Revenue-gap subsidy ‘needed to underpin affordable housing’

POLICY and subsidy inconsistencies are contributing to the long-term decline in the supply of social housing in Australia, new research warns.

A report by the Australian Housing and Urban Research Institute (AHURI) says there is a “funding gap” between the revenue acquired through rents paid by low-income tenants and the cost of developing and maintaining high-quality affordable housing.

“Producing social or affordable housing with a component of private finance invariably generates a gap between the revenues recouped from sub-market rents and the recurrent costs of provision, including debt servicing,” the report says.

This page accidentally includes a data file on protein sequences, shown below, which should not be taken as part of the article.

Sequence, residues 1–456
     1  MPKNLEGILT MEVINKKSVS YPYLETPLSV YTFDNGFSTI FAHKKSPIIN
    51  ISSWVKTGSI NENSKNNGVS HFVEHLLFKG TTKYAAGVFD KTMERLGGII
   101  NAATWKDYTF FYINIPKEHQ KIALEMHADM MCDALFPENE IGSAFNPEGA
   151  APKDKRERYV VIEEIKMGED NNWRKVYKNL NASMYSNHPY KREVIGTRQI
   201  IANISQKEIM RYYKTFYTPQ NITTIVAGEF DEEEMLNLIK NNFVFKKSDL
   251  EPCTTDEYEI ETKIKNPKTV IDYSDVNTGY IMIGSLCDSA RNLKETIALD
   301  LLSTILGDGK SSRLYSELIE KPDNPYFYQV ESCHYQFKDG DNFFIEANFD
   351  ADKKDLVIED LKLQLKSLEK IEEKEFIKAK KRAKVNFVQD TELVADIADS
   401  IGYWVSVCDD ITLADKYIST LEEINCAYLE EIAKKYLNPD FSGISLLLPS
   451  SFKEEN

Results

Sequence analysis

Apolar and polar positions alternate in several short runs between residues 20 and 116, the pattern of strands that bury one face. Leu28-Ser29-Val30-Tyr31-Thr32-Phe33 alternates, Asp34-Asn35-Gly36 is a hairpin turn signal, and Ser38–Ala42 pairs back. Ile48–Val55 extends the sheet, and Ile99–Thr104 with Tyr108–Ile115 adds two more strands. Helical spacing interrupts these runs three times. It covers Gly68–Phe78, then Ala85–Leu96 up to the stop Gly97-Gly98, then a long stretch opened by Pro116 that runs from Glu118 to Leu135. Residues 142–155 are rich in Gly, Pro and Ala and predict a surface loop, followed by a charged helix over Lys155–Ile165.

“There is, therefore, a longstanding case for a ‘revenue gap’ subsidy to support the provision of affordable housing.”

To better meet the affordable housing needs of low-income households, the report recommends, among other things, making public land available at below-market cost; keeping affordable housing in the not-for-profit housing sector to retain social benefit created; providing gap funding to reduce the need for private financing; and using needs-based modelling for investment decisions and to drive the allocation of subsidies.

The full report can be viewed here.